The month of October attracts one of the regular questions, “Do the clocks go forward or back?” This year, 1 October also brought in a raft of legislation where a similar question must be asked whereas do the amendments or new items of legislation take us forward or return us to previous ways of working.
The changes are so great in number that solicitors could fill the Business Times with commentary and summaries and make it feel like some form of legal journal. However, one of the key areas businesses ought to be aware of is The Insolvency (Protection of Essential Supplies) Order 2015 (“IPESO”).
Before IPESO came into force on 1 October 2015 if an insolvency office holder wanted to trade an insolvent estate utility suppliers could demand a guarantee from the office holder to pay all post appointment charges incurred as a trading expense. They could not include the pre-appointment outstanding charges, but at least they were paid for the continued use while the office holder tried to sell the business. IPESO has also been broadened to include, “…such supplies, where the supply is for the purpose of enabling or facilitating anything to be done by electronic means”. This includes supplies such as chip & pin services, computer software, mobile phones, WIFI, broadband services and website hosting as these are all considered “Essential supplies” in the modern business environment.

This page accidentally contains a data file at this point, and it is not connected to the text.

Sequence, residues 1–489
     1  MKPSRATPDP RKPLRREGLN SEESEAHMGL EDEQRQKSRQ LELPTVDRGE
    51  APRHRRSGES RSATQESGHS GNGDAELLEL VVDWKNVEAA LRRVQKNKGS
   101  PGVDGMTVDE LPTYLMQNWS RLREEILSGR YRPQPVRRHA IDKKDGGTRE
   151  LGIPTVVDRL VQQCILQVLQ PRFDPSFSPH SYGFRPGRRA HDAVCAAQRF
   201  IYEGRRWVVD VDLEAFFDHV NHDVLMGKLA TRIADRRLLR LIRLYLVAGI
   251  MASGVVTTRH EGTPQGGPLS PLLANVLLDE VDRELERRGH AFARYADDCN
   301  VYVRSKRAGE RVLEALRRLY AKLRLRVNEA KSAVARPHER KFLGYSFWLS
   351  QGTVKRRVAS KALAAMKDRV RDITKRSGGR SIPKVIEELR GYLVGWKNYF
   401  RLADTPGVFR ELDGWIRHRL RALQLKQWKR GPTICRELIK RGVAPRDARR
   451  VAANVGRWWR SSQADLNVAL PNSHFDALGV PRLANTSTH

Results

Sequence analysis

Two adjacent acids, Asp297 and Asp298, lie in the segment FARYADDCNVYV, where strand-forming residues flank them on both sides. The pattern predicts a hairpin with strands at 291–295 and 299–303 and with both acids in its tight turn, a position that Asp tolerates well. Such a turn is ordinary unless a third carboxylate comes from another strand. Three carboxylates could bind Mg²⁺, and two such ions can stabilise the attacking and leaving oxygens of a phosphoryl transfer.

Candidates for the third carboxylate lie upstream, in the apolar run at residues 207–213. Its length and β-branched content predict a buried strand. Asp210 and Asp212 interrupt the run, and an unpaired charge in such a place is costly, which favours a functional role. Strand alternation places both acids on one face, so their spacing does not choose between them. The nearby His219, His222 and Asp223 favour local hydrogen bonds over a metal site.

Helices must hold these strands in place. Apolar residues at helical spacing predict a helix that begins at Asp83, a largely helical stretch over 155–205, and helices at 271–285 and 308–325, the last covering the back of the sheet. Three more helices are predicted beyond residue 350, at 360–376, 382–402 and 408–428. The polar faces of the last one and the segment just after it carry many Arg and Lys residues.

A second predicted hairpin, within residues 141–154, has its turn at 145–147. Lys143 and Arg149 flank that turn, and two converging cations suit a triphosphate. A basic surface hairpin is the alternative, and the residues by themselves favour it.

Arguably the most controversial provision of IPESO surrounds contractual termination upon an insolvency event. Often suppliers include in their terms and conditions a provision that if a customer enters into any form of insolvency the supplier may terminate the contract. For contracts entered into on 1 October 2015 and beyond such a termination clause will be void where the customer enters into administration or a voluntary arrangement. In fact, IPESO goes further to prohibit a supplier doing anything else such as suspending supply or disproportionately increasing rates as a condition for continued supply. The argument for this provision is that it enhances the chance of recovery of an insolvent party and accordingly, promotes a better outcome for all concerned.
Suppliers may feel hard done by with these new provisions, but it is not all so one-sided. IPESO has no effect on a company entering into a form of insolvent liquidation, receivership or a sole proprietor going bankrupt. Furthermore, a contract may be terminated with the consent of the office holder or the court. An additional point of protection is the supplier may terminate the contract if the office holder declines to guarantee the costs (as an expense of the estate) or payment is more than 28 days beyond the agreed credit terms.
Suppliers who fall under the IPESO may need to take their own independent advice, particularly with regards to the ability (or otherwise) to enforce their termination clauses. They also need to be wary of the consequences of taking action first and thinking later because the potential harm such action may cause may expose those suppliers to other forms of financial recourse.